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8A  Tuesday, July 3, 2012

CORTeZ JOuRNal

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Hoping for scientific approach From Page 1A

JOuRNal/sam GReeN

The hillside behind a house in Weber Canyon is barren after the fire.

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Fire cause still under investigation From Page 1A funds to aid with firefighting costs. Funding is available to cover 75 percent of the state’s eligible firefighting costs for managing, mitigating and controlling the fire. Two days of successful burnouts concluded on Saturday, an effort to increase containment and control of the fire, moving the Weber Fire into the mop-up and patrol stage. Additional burnouts are not planned, according to a news release from the Bureau of Land Management. The burnouts produced significant smoke in the region, as fires were lit to consume excessive fuels in danger of feeding the fire. Part of the firefighting technique during the burnouts was an “aerial ignition” operation. This stage of the fire fight incorporated dropping small ping-pong ball sized fire-starting spheres from helicopters to help the fire burn strategically and slowly downhill into drainages. Using aerial ignition helps protect firefighter safety in

steep terrain, the news release said. La Price said Monday crews were working to stamp out hot spots on the northeast and southern edges of the fire. “The two areas they are concentrating on are areas that still have heat in them,” he said. “Some of that is the result of the burnout operations. They are mopping up in deep canyons that were difficult to get to. The rest is looking pretty good. There are some hot spots showing up here and there on the infrared flights, but those are mostly stumps and rocks that are retaining heat.” The federal Type 2 team took over the blaze on Sunday, June 24. Federal firefighting teams are only assigned to a singular fire for a maximum of 14 days. The Type 2 Rocky Mountain Incident Management Team C was on the Weber Fire for a total of nine days. La Price said the success of the Type 2 team is evident in the fact that additional federal teams were not needed to control the Weber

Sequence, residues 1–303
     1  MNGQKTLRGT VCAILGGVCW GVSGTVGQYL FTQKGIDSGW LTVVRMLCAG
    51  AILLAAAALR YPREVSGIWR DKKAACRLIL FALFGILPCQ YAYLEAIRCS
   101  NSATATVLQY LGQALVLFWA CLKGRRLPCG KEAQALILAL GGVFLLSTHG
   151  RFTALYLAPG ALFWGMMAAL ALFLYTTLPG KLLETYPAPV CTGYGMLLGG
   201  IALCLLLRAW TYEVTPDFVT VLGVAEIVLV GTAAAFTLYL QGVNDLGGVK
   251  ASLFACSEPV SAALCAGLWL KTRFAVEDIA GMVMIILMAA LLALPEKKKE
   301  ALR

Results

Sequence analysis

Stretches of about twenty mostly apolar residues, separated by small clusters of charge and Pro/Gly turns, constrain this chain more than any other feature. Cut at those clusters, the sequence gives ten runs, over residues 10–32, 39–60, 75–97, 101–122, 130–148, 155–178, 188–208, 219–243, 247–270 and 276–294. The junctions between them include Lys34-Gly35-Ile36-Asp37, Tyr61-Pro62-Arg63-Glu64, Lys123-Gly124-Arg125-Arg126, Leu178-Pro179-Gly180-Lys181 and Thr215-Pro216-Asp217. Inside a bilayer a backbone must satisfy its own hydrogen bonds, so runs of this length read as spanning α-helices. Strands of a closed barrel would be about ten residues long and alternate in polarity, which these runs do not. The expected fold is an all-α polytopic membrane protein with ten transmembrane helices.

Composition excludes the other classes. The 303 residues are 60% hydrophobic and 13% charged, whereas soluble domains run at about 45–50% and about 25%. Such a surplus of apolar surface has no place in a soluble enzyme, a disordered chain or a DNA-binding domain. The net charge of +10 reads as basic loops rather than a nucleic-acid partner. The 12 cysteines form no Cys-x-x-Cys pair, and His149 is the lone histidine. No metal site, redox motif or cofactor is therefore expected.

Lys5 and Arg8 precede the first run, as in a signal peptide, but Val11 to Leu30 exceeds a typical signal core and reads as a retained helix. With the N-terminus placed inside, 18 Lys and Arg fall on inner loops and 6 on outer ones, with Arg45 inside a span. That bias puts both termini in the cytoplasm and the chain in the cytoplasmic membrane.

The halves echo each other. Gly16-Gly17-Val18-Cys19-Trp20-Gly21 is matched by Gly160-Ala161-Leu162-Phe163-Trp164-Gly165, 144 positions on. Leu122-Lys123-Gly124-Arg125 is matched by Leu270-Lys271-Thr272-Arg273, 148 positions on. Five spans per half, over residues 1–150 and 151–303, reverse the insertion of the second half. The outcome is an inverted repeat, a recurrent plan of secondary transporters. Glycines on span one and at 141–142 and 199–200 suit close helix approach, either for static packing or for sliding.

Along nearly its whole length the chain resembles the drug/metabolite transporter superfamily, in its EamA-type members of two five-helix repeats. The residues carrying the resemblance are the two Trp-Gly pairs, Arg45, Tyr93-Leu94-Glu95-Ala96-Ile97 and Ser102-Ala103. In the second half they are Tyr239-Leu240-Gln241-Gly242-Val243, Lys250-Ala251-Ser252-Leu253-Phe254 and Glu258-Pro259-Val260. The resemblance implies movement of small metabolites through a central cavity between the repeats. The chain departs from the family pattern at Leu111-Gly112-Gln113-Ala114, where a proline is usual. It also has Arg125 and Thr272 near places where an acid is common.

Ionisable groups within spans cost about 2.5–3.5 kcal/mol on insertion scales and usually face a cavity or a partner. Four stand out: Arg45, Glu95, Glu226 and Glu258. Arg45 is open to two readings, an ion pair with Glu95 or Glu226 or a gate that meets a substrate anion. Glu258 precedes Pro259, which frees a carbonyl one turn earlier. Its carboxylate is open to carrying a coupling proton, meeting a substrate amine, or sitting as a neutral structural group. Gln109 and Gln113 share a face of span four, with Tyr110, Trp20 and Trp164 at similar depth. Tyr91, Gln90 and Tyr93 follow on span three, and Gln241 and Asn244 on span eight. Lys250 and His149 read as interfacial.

blaze. “The Type 2 team came in and was able to handle this fire,” he said. “They didn’t have to transfer up to a Type 1 team. They accomplished exactly what they came to do and everything went according to plan.” The Type 3 team took over the blaze at 6 p.m. Monday evening. The work now by firefighters is to continue efforts to ensure the fire remains within the established perimeter by strengthening the existing line. Residents and visitors should expect to see intermittent smoke as mop up continues. While the cause of the fire is still under investigation, the Bureau of Land Management and Montezuma County Sheriff’s Office announced in a joint press release on Thursday that a juvenile has been identified as the potential suspect in the case. No other details were made available by either of the investigating agencies. “There is not any more information right now and there won’t be for a while

due to the nature of the investigation,” Montezuma County Sheriff Dennis Spruell said in a phone interview on Thursday. “It’s a highly sensitive thing. That’s all I’ve got right now, and it may be a while before there is anything else.” No injuries have been reported due to the fire. Structure damage has been limited to one outbuilding that was destroyed.

approach for bear management,” Dorsey said. “We’ve got an estimate for the bear population statewide, but unit by unit we don’t have a population estimate. We are moving toward having a better idea and we are utilizing more tools that will give us a better idea of the bears in the local area.” Parks and wildlife utilized web-based surveys to gather initial information from the public on bear management in the area. Once the surveys are collected, management plans will go out to the public for a second round of commenting. Dorsey also said if there is enough interest in the management plan, officials may schedule a public meeting to discuss the new plans. For more information, contact Brad Weinmeister at 970-375-6714.

given us a much better idea of our populations.” In addition to gathering data from teeth, wildlife managers have also begun a DNA data collection study that will allow for even more precise measurement of bear populations. Hair snares have been set in forest locations to collect hair from a variety of bears. The hair is then sent to a lab for DNA analysis. “The DNA sampling allows us to differentiate between bears that are known to us and bears we didn’t know about,” Dorsey said. “We are then able to estimate the population based on percentage of known to unknown.” Officials plan to continue collecting hair samples for three to four more years, allowing for the collection of a substantial data set. Reach Kimberly Benedict “Hopefully we are mov- at kimberlyb@cortezjouring toward a more scientific nal.com.

Reach Kimberly Benedict at kimberlyb@cortezjournal.

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